The best we can do is to judge Nieper’s work on the basis of independent studies that have been performed on orotates and other transporters. When we search the medical literature for such studies, however, we find many studies of mineral aspartates, but only a handful of orotate studies, and virtually no studies of AEP or arginates. The aspartates have been used effectively for a variety of purposes, including tissue protection during radiotherapy, treatment of lung damage, Alzheimer’s, zinc deficiency, and mushroom poisoning, to name only a few.
As for the orotates: Magnesium Orotate has been shown to have significant benefits for patients with coronary heart disease and in competitive endurance athletes. Lithium Orotate showed benefit in treating alcoholism. Some Russian studies of Potassium Orotate found benefits in wound healing and in treating mood disorders. Zinc Orotate showed protective affects against alcohol damage to the liver and against radiation damage to the blood.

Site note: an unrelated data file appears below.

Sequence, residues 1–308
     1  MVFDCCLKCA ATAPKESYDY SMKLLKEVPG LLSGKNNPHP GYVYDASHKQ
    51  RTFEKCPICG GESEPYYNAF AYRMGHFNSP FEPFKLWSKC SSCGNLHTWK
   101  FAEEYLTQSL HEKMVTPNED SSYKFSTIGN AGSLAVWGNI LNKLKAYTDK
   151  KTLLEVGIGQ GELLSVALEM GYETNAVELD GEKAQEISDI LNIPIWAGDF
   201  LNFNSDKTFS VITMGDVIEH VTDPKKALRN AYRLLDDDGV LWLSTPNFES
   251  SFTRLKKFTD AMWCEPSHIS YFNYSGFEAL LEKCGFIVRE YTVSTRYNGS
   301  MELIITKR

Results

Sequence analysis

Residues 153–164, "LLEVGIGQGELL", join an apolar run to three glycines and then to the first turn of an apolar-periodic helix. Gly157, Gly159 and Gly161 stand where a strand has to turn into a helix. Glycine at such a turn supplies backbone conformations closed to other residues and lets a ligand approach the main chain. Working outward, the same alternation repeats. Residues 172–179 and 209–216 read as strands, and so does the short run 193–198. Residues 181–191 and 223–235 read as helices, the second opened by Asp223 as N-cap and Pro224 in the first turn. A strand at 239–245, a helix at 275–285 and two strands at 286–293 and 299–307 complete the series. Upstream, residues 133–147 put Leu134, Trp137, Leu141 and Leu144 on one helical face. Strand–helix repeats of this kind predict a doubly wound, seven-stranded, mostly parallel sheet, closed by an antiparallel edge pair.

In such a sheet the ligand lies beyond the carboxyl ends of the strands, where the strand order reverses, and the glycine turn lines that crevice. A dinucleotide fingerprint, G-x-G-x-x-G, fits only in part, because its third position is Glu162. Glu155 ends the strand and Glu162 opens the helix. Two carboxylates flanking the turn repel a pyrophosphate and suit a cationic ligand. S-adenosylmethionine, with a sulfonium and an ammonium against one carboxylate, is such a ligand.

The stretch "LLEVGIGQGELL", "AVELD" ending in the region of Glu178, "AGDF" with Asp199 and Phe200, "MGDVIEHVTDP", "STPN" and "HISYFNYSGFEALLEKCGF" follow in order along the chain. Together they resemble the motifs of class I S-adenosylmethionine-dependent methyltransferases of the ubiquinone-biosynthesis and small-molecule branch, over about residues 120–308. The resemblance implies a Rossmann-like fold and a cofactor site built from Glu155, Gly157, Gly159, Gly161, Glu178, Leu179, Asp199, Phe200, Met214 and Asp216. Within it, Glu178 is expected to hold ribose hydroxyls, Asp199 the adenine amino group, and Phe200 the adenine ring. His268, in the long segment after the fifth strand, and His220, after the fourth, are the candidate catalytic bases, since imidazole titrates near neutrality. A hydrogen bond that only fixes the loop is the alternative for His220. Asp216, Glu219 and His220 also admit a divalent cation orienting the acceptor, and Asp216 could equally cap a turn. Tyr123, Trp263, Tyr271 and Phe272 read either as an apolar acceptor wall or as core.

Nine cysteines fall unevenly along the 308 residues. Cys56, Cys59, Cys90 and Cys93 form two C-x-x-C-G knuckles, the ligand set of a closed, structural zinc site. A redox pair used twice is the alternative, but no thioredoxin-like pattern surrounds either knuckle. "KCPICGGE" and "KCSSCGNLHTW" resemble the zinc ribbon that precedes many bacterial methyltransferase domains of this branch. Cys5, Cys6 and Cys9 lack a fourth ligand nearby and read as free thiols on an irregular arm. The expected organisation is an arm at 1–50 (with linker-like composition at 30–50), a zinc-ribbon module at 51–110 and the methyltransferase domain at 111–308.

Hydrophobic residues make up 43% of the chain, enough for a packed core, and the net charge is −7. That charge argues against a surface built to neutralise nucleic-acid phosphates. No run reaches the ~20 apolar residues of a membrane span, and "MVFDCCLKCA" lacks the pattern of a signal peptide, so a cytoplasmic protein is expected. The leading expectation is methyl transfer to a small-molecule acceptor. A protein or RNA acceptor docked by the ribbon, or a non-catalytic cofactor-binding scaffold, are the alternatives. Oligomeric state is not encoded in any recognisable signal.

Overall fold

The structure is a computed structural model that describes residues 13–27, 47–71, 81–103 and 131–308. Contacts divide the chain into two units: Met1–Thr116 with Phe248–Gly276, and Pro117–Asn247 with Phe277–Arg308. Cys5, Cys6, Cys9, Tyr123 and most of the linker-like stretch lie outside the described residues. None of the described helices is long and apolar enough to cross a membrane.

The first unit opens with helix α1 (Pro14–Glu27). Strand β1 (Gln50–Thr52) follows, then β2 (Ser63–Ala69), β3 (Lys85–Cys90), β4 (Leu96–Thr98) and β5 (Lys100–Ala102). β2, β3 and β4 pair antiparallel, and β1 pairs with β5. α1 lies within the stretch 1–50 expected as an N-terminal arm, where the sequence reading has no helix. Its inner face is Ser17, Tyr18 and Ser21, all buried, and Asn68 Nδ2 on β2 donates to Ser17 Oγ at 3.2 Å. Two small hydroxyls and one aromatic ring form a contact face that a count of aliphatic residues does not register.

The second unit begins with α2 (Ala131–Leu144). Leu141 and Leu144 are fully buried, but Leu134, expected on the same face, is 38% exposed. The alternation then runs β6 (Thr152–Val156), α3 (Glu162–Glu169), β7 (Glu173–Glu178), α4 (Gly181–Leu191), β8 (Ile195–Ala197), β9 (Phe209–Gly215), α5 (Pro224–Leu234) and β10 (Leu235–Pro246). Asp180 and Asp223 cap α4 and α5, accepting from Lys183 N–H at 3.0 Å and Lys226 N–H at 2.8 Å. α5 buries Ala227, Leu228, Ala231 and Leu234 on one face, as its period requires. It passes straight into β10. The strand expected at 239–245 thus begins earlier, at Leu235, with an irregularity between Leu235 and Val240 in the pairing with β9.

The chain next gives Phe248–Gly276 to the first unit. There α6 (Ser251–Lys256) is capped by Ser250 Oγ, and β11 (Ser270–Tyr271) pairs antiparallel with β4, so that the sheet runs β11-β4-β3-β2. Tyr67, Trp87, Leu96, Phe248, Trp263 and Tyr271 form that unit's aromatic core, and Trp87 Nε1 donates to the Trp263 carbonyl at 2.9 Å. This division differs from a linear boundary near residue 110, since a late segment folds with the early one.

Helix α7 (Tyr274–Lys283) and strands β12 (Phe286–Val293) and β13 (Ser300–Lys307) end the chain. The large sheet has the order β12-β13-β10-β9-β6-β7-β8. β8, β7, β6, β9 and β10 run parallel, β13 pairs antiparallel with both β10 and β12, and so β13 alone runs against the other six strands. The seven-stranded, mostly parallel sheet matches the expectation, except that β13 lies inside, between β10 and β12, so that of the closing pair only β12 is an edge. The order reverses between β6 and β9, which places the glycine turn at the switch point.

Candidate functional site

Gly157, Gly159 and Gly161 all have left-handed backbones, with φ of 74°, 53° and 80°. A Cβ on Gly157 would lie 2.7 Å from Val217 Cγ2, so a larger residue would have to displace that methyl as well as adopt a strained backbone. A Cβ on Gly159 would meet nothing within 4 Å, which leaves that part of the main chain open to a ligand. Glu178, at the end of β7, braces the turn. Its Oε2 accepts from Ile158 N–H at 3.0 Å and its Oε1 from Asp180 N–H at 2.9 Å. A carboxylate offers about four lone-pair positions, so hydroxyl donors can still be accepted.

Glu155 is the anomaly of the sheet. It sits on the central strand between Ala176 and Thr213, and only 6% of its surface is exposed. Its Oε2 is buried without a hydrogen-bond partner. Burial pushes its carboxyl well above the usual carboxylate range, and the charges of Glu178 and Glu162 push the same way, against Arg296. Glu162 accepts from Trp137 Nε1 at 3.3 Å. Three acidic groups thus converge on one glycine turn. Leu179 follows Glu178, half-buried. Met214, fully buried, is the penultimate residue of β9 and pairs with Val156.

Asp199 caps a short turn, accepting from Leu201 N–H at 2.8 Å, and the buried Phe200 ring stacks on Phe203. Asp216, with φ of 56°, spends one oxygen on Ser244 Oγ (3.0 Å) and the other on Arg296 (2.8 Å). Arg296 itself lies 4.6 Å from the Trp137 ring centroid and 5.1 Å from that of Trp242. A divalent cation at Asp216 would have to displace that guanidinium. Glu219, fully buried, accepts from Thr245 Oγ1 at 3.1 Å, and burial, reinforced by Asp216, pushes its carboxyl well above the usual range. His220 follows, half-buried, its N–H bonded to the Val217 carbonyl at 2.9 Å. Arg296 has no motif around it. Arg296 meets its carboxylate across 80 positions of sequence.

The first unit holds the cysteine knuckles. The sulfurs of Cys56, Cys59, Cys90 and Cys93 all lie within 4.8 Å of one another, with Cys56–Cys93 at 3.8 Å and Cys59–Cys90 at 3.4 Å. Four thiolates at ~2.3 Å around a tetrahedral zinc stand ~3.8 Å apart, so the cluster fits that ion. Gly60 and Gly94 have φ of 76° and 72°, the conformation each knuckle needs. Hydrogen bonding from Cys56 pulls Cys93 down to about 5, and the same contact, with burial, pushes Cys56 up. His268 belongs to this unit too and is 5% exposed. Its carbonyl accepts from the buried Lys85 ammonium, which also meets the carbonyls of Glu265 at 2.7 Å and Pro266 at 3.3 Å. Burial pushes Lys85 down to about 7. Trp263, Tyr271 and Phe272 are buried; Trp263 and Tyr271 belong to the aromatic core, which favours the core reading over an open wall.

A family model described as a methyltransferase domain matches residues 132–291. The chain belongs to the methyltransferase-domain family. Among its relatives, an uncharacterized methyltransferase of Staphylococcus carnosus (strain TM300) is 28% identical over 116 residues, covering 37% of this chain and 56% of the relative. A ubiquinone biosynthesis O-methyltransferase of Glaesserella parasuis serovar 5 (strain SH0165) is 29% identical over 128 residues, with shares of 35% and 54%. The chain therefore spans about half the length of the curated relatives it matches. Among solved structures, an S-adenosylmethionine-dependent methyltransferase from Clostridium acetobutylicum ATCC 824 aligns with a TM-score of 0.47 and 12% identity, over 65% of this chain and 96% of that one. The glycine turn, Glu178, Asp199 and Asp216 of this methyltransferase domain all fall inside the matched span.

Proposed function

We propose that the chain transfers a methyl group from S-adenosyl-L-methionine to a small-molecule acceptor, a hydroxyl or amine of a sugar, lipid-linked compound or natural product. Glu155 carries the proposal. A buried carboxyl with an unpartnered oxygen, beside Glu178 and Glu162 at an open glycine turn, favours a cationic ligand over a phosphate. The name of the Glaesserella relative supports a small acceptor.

Nieper’s work has been widely denounced, especially by the U.S. government and by medical groups such as the AMA and the National Cancer Institute, all of which conducted vigorous campaigns to discredit his ideas and to discourage patients from going to Germany to be treated at his clinic. On orders from the FDA and other governmental bodies, physicians who prescribed the treatments advocated by Nieper were arrested and fined, and had their medical licenses canceled. U.S. manufacturers and retailers of similar supplements were raided by Federal agents, their assets were confiscated and the owners of the companies arrested. The U.S. Customs Service routinely seized the prescribed medications and supplements brought back from Germany by Nieper’s patients for their own use. In Nieper’s own words: